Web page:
She’s frustrated by comments from Oceangate founder Stockton Rush. He was one of five people who died on board the Titan June 18 as it descended into the deep ocean as part of a commercial venture to take paying customers to see the wreck site of the Titanic. Before his death in the Titan catastrophe, Rush had said in interviews that safety could stifle innovation.

Leveson says she’s fought that argument her whole career. 

“You don't stifle innovation when someone tells you that your innovation is unsafe, but you use it anyway,” she said. “Stupid engineering — that is what we want to stifle. We can build all kinds of things by building things that we know are going to fail. What good is that?”

The SUBSAFE culture may be the gold standard for safety for decades but it’s a hard ethos to duplicate, she said. 

“Overtime there can be drift. You have to decide as an organization that you want to put safety at the center,” she said.

Even the Navy hasn’t adopted SUBSAFE uniformly throughout the entire service, she said.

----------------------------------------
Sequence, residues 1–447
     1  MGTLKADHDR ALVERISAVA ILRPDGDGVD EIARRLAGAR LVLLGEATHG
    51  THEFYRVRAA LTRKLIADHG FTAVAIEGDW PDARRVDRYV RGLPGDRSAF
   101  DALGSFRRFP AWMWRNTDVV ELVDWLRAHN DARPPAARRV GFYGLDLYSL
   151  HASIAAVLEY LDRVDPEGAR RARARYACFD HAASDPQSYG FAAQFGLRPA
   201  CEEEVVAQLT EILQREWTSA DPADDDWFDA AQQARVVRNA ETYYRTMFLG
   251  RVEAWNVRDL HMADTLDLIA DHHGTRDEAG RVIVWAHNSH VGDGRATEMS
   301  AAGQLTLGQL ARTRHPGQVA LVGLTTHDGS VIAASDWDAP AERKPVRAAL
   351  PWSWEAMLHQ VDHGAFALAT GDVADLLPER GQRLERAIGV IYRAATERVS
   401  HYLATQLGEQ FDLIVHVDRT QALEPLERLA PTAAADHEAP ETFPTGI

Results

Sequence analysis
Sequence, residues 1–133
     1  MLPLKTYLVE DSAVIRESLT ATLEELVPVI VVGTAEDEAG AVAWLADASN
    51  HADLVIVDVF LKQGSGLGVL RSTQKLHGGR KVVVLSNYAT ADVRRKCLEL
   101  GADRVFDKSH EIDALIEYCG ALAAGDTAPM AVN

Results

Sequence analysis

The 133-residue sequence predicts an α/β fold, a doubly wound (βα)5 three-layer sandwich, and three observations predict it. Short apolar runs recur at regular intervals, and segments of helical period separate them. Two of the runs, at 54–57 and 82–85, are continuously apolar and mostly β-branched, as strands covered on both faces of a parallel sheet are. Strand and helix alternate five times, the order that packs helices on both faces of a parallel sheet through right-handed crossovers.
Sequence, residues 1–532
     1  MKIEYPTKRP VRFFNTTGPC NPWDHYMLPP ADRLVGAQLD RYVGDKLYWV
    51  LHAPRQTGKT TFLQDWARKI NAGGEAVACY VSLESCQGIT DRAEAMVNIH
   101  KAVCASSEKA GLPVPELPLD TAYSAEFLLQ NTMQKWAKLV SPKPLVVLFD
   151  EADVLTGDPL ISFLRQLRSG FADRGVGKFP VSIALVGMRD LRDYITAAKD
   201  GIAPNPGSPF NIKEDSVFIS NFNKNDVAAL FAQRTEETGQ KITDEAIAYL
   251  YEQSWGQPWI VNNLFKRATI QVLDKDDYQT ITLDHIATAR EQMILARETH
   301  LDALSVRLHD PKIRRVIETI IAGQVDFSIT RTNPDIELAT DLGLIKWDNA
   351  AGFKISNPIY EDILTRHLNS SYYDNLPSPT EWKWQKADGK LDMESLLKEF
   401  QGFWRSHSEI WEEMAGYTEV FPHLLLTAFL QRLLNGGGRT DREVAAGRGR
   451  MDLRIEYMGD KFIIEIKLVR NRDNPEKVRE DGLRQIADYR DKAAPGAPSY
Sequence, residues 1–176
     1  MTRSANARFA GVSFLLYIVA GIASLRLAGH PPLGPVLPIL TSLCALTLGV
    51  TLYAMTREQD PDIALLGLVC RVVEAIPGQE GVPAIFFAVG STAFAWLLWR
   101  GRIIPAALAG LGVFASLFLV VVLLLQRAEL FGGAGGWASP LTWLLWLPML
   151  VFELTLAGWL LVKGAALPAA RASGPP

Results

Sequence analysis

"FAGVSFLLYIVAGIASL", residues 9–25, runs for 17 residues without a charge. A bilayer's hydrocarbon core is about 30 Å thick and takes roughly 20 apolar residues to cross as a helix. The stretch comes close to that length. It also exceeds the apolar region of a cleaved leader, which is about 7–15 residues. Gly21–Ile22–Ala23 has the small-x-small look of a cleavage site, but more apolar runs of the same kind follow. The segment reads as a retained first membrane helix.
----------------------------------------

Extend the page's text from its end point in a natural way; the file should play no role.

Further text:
Oceangate intentionally avoided hiring former Navy submarine officers who would be steeped in SUBSAFE, like Tom Shugart, who works for Center for a New American Security. He thinks the Titan tragedy could’ve been avoided if people in the planning process had the right kind of training.

“The kind of questions when somebody saw that maintenance, designing and construction wasn't being done the way it's done in the Navy,” he said. “That maybe corners were being cut in the interest of innovation and whatnot. You could have raised some red flags about the way things are being done.”

But, he added, real problems have to be confronted before the boat dives. Especially in the unforgiving world around the Titanic. 

“When you have an implosion that occurs at a depth that the vessel is supposed to be safely operated, then, yeah, there is not much you can do at that point,” he said.

It’s something the Navy learned at great cost in 1963 with the USS Thresher – and works hard to remember, he said.